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Glidden Co. v. Retail Hardware Mut. Fire Ins. Co.

Supreme Court of Minnesota
Nov 28, 1930
181 Minn. 518 (Minn. 1930)

Summary

stating that appraisal "does not determine liability but only the amount of the loss"

Summary of this case from Johnson v. Cas. Ins. Co.

Opinion

Nos. 27,939, 27,940, 27,941.

November 28, 1930.

Business of fire insurance one affected with a public interest.

1. The business of fire insurance is affected with a public interest and is subject to control and regulation by the state.

Statute providing for arbitration or appraisal constitutional.

2. The provision in the Minnesota standard policy for arbitration or appraisal in case of disagreement as to loss is not violative of art. 1, §§ 4 and 7, of the state constitution, or of the fourteenth amendment of the federal constitution.

Statutory arbitration clause in standard fire policy binds insurer and insured.

3. Though the arbitration is conducted somewhat after the fashion of a common law arbitration as distinguished from our statutory arbitration, the agreement in the standard policy arbitration or appraisal is not revocable but it is a method fixed by statute for finding loss in the event of disagreement and is binding upon insurer and insured.

Defendant Hardware Dealers Mutual Fire Insurance Company of Wisconsin appealed from a judgment of the district court for St. Louis county, Fesler, J. (No. 27,941) entered in favor of plaintiffs against it and its two codefendants, Retail Hardware Mutual Fire Insurance Company of Minnesota and Minnesota Implement Mutual Fire Insurance Company of Minnesota, the two latter agreeing to abide the result as to the first defendant. Affirmed.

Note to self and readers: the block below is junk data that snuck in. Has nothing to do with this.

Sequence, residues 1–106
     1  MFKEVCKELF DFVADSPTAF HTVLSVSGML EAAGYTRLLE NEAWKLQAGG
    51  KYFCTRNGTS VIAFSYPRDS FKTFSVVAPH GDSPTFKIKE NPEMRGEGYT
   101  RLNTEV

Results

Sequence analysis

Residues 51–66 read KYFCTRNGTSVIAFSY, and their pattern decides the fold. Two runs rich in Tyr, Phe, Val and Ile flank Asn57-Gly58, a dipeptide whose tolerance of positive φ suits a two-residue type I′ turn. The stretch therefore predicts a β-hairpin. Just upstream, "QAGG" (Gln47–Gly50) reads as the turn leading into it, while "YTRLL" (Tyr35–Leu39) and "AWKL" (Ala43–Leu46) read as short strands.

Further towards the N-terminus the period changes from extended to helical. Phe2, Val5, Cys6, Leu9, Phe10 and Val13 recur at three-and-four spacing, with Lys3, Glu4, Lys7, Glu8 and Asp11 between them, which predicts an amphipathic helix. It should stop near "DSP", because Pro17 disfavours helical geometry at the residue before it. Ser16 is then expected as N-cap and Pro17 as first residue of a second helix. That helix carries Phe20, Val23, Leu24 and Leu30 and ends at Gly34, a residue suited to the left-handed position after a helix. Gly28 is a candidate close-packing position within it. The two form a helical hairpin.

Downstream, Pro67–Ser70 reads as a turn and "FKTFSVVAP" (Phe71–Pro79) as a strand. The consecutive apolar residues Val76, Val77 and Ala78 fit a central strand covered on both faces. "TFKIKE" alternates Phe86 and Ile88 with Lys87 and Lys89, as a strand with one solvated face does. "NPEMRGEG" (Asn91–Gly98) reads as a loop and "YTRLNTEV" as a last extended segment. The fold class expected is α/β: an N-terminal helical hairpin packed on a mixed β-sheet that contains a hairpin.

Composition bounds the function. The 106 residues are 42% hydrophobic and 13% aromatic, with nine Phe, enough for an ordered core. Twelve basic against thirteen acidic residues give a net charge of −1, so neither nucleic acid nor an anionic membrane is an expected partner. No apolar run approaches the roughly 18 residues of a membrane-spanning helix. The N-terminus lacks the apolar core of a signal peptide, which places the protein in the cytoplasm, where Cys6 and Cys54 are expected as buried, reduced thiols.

Nathan H. Chase and M.H. Boutelle, for appellants.

Kerr, Nelson, Burns Mohan and Fryberger, Fulton Boyle, for The Glidden Company, Marshall Wells Company, Bank of Commerce Savings, Inc. of Duluth, and Joseph Supornick, respondents.



Action on an award or appraisal made pursuant to policies of fire insurance issued by the defendant insurance companies. A verdict for something over $77,000 was directed for the plaintiffs by the court. It was apportioned by the court's findings, $49,088.48 against the defendant Retail Hardware Mutual Fire Insurance Company of Minnesota; $19,250.32 against the defendant Minnesota Implement Mutual Fire Insurance Company of Minnesota; and $8,662.66 against the defendant Hardware Dealers Mutual Fire Insurance Company of Wisconsin. The defendants appeal and present for review the judgment in the latter amount, agreeing to abide the result as to the others.

The defendants claim that the compulsory appraisal provision of our standard policy, applicable in the event of the parties' disagreeing as to the amount of the loss, G. S. 1923 (1 Mason, 1927) § 3512 is violative of art. 1, §§ 4 and 7, of the state constitution, and of the fourteenth amendment.

It is conceded substantially that the recent case of Itasca Paper Co. v. Niagara F. Ins. Co. 175 Minn. 73, 220 N.W. 425, if applied controls. The defendants urge that certain late federal cases have changed the doctrine there approved. They ask a reconsideration of the questions involved with the purpose, if unsuccessful here, of having a review in the court of final authority. After a thorough reconsideration we follow the Itasca case. An extended further discussion is not necessary.

1. The business of fire insurance is affected with a public interest. N.W. Nat. L. Ins. Co. v. Riggs, 203 U.S. 243, 27 S. Ct. 126, 51 L. ed. 168, 7 Ann. Cas. 1104; German Alliance Ins. Co. v. Lewis, 233 U.S. 389, 34 S.Ct. 612, 58 L. ed. 1011, L.R.A. 1915C, 1189; National U. F. Ins. Co. v. Wanberg, 260 U.S. 71, 43 S.Ct. 32, 67 L. ed. 136; Abramowitz v. Continental Ins. Co. 170 Minn. 215, 212 N.W. 449; Itasca Paper Co. v. Niagara F. Ins. Co. 175 Minn. 73, 220 N.W. 425, and cases cited. Within reasonable limits the state may regulate the insurance business and prescribe the conditions under which policies may be written and insurance business done. Its control must be reasonable.